Since they started, they’ve raised awareness for Stoked mentoring and A.skate, organized a skate contest for inner-city youth, and a clothing drive, meanwhile documenting and showcasing local skate communities across the country (and soon, world). Read through for my interview with Bogdan and Matt as they share some crazy stories about their time on the road, and what they’ve learned from the kindness of humans they’ve met along the way.

Bogdan and the bike he and Matt won at the Pedal Pursuit in the summer of 2012.

Matt prior to leaving for their cross country bike ride in Summer 2013.

Tell us a little more about you guys.

MATT: [I’m] Matt Cruz. I was conceived in Poland, however my parents eloped to America and I was born and raised in Brooklyn.

BOGDAN: My name is Bogdan, I’m originally from Kiev, Ukraine, but I’ve been living in New York since 2001. I moved here two weeks before 9/11 and it was pretty intense at first, but it turned out to be a beautiful thing and it’s one of the best places to have grown up at.

What’s the story behind the name “Gnarmads”?

MATT: People have often called us nomads or gypsies. We had entered a local bicycle race and were required a team name, so it came about. “Gnarmads” began as a joke, but really has become a title for us two who share a 13-year-old friendship.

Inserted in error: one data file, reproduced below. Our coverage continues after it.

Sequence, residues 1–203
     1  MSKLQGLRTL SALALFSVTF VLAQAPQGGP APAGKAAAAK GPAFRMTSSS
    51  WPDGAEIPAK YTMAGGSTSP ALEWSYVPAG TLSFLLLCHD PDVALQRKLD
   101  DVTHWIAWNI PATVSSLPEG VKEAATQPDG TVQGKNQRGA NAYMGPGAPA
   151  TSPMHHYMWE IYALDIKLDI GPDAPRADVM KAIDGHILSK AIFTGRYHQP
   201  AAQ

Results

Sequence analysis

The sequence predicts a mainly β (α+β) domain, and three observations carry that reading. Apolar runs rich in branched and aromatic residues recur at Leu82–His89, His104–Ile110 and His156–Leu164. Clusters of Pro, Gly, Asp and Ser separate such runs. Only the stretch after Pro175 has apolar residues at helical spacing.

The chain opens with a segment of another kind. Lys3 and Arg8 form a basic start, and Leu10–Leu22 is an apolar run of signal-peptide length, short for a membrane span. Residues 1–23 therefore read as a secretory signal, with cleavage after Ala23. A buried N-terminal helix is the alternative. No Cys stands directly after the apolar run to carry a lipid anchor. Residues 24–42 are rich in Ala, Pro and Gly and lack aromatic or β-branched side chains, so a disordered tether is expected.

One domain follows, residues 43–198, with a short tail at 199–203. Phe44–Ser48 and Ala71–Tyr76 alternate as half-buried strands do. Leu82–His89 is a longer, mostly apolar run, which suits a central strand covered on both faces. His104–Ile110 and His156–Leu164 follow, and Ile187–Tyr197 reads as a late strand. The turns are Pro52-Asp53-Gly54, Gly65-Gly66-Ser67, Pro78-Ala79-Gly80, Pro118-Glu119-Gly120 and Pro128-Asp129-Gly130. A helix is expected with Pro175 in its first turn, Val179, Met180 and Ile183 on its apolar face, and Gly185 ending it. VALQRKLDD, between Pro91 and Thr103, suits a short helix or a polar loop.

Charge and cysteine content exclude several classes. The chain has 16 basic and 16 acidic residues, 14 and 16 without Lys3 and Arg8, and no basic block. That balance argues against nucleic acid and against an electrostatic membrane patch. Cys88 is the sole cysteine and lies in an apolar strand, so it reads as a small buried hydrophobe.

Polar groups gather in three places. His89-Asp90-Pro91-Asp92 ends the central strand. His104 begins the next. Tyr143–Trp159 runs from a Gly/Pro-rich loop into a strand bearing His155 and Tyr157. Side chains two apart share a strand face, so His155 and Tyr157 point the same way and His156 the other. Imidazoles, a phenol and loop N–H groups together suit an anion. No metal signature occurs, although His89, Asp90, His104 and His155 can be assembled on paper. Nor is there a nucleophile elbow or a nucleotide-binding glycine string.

BOGDAN: Strada and Chrome were having a scavenger hunt around the city hosted by Alex Corporan and he was like, “Oh, you guys should enter this. I see you guys always bike around to spots all around the city. You should do the scavenger hunt it would be fun.” We’re like, “Alright,” he’s like, “Well, you have to come up with a team name.” And people at that time started calling us nomads because we would always just crash—from girls’ houses to friends couches. And then I have a shitty poke and stick tattoo with the word “gnar” on it so it was like, “You guys are gnarmads, nomads of the gnar.” That name kind of stuck. We ended up winning that race and things went on from there.